Training for an event and feeling more tired than usual? Find out whether low iron levels could be the cause.
If you’re into long-distance running, cycling, tough gym workouts – or any other sport that demands a lot from your muscles – your body is likely to need a good supply of iron.
But this micronutrient doesn’t just have important health benefits for your body – it can help your sports performance, too.1
What does iron do in the body?
Iron is essential for making red blood cells including haemoglobin, a protein in red blood cells.
Its job is to transport oxygen from the lungs around the body, helping to ensure a steady supply of oxygen to your heart and muscles.2
How does iron support exercise?
Iron ensures your heart beats at a steady rate while you exercise.3
This essential nutrient also helps turn the food you eat into energy to power your muscles. Our muscle cells rely on oxygen – carried by iron-rich haemoglobin – to convert carbohydrates into energy.4
Why are you at risk of iron deficiency in endurance sports?
One reason is simply that you need more iron to meet your body’s needs when you exercise for a long time. Another is that you lose small amounts of iron when you sweat.5,6
The action of running, particularly the repeated striking of your heel on the ground, is also thought to destroy red blood cells, causing iron loss.7
Women and iron
Iron loss from exercise is compounded by the monthly iron loss during your period, so women athletes are more likely to suffer from iron deficiency than men.8
A 2015 review, published in the Journal of the International Society of Sports Nutrition, found that women runners were more likely to have low iron levels than women who didn’t do any exercise.9
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Symptoms of exercise-induced iron deficiency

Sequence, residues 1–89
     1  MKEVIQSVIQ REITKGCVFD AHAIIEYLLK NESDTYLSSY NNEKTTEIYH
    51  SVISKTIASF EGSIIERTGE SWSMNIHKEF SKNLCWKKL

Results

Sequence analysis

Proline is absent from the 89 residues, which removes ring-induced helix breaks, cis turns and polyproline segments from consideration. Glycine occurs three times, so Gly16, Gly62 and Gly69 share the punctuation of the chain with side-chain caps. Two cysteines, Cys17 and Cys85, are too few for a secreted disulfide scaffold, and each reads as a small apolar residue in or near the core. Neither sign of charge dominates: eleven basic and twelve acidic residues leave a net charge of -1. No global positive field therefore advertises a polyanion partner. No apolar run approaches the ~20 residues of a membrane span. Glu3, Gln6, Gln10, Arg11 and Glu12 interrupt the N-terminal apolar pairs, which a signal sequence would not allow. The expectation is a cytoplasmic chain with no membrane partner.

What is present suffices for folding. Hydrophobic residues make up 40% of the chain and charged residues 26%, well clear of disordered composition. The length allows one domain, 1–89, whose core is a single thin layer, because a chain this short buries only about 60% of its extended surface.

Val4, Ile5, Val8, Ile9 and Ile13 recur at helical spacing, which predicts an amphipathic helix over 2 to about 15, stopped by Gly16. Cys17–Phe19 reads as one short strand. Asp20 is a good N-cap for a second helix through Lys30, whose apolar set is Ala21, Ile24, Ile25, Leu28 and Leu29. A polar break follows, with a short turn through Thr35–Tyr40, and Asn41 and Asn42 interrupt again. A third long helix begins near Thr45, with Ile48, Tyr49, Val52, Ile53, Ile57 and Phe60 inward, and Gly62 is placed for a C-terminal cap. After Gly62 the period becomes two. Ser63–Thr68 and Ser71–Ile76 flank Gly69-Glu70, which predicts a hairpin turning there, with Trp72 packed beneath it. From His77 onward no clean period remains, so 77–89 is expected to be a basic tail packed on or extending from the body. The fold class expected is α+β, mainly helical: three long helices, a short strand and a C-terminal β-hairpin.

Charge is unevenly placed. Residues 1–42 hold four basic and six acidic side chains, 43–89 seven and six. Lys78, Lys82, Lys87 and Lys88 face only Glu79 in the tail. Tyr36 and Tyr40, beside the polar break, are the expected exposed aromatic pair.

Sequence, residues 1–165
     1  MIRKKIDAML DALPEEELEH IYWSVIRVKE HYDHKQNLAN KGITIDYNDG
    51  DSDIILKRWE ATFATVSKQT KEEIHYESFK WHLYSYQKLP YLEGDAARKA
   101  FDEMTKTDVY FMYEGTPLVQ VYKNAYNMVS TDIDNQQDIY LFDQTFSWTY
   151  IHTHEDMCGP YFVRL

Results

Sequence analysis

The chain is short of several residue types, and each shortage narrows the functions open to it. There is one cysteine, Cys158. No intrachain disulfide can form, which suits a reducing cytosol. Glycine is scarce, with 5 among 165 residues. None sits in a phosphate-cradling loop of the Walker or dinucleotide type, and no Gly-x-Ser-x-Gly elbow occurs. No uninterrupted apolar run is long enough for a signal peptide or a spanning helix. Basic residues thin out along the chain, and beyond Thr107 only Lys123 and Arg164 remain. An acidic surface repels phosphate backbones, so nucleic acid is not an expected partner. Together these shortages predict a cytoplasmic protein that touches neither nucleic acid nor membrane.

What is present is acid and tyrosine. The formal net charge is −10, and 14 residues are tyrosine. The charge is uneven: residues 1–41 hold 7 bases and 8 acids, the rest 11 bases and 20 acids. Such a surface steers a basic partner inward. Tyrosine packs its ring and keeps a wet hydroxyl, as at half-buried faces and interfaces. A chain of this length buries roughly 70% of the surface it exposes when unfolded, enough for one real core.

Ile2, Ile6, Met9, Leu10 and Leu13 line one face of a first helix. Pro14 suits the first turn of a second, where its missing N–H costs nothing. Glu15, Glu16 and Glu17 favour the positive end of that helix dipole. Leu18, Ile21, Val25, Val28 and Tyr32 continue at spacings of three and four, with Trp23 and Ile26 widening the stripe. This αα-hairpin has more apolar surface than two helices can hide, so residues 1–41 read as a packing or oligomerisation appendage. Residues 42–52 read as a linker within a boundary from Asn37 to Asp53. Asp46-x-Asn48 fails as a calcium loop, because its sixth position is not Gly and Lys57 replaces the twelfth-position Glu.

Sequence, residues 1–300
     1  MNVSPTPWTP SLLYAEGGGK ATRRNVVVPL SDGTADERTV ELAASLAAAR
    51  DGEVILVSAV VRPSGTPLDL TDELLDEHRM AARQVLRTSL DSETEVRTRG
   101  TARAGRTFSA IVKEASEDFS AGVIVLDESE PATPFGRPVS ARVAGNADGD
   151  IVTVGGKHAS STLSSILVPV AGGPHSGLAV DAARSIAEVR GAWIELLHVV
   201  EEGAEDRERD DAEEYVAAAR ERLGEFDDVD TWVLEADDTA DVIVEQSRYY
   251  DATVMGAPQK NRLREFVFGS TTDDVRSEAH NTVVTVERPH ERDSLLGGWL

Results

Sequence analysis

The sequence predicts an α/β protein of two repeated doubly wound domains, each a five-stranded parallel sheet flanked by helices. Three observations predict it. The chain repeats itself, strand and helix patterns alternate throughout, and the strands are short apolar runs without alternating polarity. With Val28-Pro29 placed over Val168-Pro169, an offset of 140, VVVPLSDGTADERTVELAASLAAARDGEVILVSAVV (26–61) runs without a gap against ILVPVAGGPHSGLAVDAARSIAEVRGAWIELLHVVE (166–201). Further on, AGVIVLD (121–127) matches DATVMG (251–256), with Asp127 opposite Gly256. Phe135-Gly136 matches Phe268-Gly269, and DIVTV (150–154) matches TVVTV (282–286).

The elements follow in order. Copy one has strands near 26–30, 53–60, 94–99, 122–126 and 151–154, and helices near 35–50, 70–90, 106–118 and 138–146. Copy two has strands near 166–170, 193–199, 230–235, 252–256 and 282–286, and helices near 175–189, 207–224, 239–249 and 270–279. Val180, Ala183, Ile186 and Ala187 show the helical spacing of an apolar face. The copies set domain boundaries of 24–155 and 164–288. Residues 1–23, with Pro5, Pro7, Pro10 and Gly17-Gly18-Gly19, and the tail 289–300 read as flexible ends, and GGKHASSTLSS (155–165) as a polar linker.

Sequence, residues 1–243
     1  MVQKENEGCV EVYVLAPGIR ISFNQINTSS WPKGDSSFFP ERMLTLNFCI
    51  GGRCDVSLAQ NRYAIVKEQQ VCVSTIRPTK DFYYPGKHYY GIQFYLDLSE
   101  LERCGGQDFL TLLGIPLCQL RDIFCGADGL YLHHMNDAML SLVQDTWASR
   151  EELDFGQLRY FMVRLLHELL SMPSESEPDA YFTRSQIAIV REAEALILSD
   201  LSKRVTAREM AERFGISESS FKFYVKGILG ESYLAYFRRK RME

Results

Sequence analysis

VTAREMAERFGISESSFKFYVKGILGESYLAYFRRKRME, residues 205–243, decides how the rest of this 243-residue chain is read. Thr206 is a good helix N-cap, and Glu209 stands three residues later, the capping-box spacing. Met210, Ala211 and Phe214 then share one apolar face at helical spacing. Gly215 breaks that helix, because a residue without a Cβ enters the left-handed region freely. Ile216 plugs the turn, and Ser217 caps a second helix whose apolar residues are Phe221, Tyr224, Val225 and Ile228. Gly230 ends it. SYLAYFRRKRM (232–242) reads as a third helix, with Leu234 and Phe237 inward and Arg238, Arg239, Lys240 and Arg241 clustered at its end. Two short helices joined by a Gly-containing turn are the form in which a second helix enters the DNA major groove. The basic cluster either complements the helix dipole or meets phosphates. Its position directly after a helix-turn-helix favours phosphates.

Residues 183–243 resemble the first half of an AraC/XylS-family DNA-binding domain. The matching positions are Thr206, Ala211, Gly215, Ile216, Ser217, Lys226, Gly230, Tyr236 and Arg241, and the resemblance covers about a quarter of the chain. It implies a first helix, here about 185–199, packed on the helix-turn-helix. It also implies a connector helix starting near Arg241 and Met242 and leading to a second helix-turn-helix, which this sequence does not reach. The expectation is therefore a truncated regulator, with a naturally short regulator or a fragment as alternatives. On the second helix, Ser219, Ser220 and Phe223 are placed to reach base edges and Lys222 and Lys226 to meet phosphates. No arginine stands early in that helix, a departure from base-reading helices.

Worried that you could have low iron levels? Look out for these symptoms:10
- shortness of breath when you exercise
- lack of energy
- pale skin
- frequent infections
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Good food sources of iron
It’s a good idea to include plenty of iron in your diet. The following foods all contain excellent plant sources of iron:11
- dark green, leafy veg
- dried fruits, particularly figs, apricots and dates
- pulses, like butter beans, chickpeas and kidney beans
- sesame seeds
- sunflower seeds
To help your body absorb iron from plant sources, accompany your meal with food or drink rich in vitamin C, like a glass of orange juice.12
Advice is for information only and should not replace medical care. Please check with your GP before trying any remedies.
1. Hinton PS. Iron and the endurance athlete. Available from: https://www.ncbi.nlm.nih.gov/pubmed/25017111
2. British Dietetic Association. Food fact sheet: iron. Available from: https://www.bda.uk.com/foodfacts/iron_food_fact_sheet.pdf
3. Healthline. How iron deficiency affects athletes. Available from: https://www.healthline.com/health/increasing-iron-intake-improve-athletic-performance#athletic-performance
4. Gupta CP. Role of Iron (Fe) in Body. Available from: https://pdfs.semanticscholar.org/f242/cd23c65c0b77dd17859208792ea96ae2917d.pdf
5. As Source 1
6. Ottomano C and Franchini M. Sports anaemia: facts or fiction? Available from: https://www.ncbi.nlm.nih.gov/pmc/articles/PMC3417720/
7. As Source 7
8. Alaunyte I, Stojceska V and Plunkett A. Iron and the female athlete: a review of dietary treatment methods for improving iron status and exercise performance. Available from: https://www.ncbi.nlm.nih.gov/pmc/articles/PMC4596414/ – CR34
9. As Source 9
10. Brumitt J, McIntosh L and Rutt R. Comprehensive Sports Medicine Treatment of an Athlete Who Runs Cross-Country and is Iron Deficient. Available from: https://www.ncbi.nlm.nih.gov/pmc/articles/PMC2953317/
11. As Source 3
12. Hallberg L, Brune M, Rossander-Hulthen L. Is there a physiological role in iron absorption? Available from: https://www.ncbi.nlm.nih.gov/pubmed/3304065